Helga Groves’ meticulous and sensitive practice encompasses painting, three dimensional forms, drawing and animation. Her works are informed by rigorous investigations into geophysical processes and natural phenomena across the vast expanse of geological time. Carefully balancing topographical patterns, colour and tonal layers, her compositions transpose the rhythmic flow and luminosity of her subject matter. The underlying power of Groves’ work lies in its ability to permeate the senses and minds of the viewer, conjuring vivid memories of the physical experience of place.
Select solo exhibitions: 2019 Patterns from the heart of a planet, Sutton Gallery, Melbourne, Looking at Time, Sutton Gallery, Melbourne, 2017; Tremor of Form, Milani Gallery, Brisbane, 2017; Optical Terrane, William Wright Artist Projects, Sydney, 2015; Suspended Animation, Sutton Gallery, Melbourne, 2014; Geomorphic, Milani Gallery, Brisbane, 2013; Looking through an ocean of air, Sutton Gallery, Melbourne, 2011; Microclimate, Sutton Gallery, Melbourne, 2009; Divining Water, Gitte Weise Gallery, Berlin, 2008.
Select group exhibitions: 2020 Perceptions of Time, GOMA, Brisbane, f_OCUS, Counihan Gallery, Melbourne, 2019 Anthropocene, R & M McGivern Prize, Maroondah Federation Estate Gallery, Melbourne , Sights Unseen: Recent Acquisitions from the Moreland Art Collection, Counihan Gallery, Melbourne, Arthur Guy Memorial Painting Prize, Bendigo Art Gallery, Victoria , Chaos and Order, RMIT Gallery, Melbourne, 2018; Limitless Horizons: Vertical Perspective, QAGOMA, Brisbane, 2017; Quiddity, RMIT Gallery, Melbourne, 2016; National Works on Paper, Mornington Peninsula Regional Gallery, Mornington, 2014; NEW 2011: Selected recent acquisitions, UQ Art Museum, Brisbane, 2012; Ten Years of Contemporary Art: The James C. Sourris AM Collection, QAGOMA, Brisbane, 2011; Australian Art for Berlin, Gitte Weise Gallery, Berlin, 2009; Points of Departure, Tobey Fine Arts, New York, 2007.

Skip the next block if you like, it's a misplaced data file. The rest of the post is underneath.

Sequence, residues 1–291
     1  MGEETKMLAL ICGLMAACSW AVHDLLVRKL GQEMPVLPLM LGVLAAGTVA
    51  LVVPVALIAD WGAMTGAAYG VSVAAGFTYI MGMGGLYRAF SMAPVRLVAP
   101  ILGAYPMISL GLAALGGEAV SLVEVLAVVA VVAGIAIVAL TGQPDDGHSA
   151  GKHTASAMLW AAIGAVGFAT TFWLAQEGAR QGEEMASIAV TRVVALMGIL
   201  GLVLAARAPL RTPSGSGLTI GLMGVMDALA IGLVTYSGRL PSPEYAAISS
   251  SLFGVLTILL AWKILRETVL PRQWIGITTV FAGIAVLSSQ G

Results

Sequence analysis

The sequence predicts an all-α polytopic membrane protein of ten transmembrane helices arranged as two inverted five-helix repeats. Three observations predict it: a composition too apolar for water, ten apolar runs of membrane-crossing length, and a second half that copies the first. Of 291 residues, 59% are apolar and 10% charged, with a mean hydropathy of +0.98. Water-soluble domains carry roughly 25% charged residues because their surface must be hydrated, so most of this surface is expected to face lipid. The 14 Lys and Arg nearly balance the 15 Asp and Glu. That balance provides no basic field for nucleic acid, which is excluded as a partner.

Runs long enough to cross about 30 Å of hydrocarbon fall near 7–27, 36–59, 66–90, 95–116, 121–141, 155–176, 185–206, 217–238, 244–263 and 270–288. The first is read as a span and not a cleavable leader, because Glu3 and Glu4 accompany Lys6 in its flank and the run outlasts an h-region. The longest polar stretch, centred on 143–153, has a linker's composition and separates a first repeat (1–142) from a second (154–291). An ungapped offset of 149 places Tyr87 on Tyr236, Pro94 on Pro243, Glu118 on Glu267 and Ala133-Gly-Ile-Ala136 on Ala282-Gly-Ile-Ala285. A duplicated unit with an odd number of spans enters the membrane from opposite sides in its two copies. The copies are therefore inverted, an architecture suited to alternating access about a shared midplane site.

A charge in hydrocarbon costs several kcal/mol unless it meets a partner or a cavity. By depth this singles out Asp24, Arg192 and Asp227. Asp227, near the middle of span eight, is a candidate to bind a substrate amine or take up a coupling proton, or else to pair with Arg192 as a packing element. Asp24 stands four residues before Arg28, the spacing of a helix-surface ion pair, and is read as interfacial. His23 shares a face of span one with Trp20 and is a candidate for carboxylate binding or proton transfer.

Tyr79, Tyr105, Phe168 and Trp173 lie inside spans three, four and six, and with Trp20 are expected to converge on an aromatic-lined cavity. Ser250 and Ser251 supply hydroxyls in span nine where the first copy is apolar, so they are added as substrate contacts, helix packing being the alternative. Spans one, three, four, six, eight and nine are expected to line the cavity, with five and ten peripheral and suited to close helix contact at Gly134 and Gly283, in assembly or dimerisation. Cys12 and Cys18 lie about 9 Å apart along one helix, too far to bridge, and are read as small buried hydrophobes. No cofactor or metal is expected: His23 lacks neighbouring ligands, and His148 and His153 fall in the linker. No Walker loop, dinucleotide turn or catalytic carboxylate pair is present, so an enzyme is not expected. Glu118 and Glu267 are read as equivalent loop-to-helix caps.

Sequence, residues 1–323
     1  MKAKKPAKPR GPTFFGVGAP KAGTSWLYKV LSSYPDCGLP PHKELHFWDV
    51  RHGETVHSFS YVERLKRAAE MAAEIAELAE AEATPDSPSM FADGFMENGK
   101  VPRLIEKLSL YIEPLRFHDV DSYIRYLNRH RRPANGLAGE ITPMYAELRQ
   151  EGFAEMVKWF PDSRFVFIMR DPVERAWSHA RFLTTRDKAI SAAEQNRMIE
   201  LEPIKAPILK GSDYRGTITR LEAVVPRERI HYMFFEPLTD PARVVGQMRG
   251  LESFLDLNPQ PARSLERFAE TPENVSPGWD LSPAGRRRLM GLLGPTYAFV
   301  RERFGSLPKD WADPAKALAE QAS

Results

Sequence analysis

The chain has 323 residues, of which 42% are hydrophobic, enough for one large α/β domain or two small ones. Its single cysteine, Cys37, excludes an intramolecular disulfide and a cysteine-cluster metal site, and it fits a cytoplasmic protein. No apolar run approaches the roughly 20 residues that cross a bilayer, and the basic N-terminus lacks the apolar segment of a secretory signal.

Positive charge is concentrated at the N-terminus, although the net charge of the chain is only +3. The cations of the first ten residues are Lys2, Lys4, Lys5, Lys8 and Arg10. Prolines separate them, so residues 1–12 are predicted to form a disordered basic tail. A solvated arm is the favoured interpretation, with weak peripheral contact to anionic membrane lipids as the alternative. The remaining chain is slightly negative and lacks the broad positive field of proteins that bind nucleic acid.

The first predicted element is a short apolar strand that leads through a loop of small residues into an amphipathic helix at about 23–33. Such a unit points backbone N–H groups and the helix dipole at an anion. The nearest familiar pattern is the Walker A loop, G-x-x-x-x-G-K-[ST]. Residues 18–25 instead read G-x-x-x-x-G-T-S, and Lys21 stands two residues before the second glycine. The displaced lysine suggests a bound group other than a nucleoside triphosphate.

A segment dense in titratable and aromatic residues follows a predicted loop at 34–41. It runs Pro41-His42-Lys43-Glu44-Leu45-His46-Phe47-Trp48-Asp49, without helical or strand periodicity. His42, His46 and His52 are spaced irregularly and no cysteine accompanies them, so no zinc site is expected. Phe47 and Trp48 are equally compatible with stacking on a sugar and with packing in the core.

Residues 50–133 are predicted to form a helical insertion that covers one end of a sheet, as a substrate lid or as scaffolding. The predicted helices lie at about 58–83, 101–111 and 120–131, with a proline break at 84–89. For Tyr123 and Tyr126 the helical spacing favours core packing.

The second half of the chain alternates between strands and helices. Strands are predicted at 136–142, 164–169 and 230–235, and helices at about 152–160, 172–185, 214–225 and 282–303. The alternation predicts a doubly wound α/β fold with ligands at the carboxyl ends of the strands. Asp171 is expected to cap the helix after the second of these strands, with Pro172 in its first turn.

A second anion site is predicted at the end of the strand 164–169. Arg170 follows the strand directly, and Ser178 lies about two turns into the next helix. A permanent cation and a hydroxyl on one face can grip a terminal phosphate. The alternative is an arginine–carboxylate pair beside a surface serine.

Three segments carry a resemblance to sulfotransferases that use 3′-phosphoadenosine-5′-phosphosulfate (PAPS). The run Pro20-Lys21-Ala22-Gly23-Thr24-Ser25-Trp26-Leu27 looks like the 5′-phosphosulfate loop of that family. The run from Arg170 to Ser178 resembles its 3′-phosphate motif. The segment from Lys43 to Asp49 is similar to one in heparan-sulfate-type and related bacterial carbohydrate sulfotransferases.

In her rendering of natural phenomena, Groves does not describe an easily recognisable world. Obsessively, she weaves and writes the deep currents that lie beneath surface appearances. As she draws in the net of her vision, her trawl is revealed as an interconnecting energy, an energy which is linked to closely observed nature but which also transcends it. Hers is a project which imagines and rewrites the world. Her find, her gemstone, is one of endless tumescence.Michele Helmrich, 'Fenestrations of darkness and light and endless becoming', catalogue essay, 2004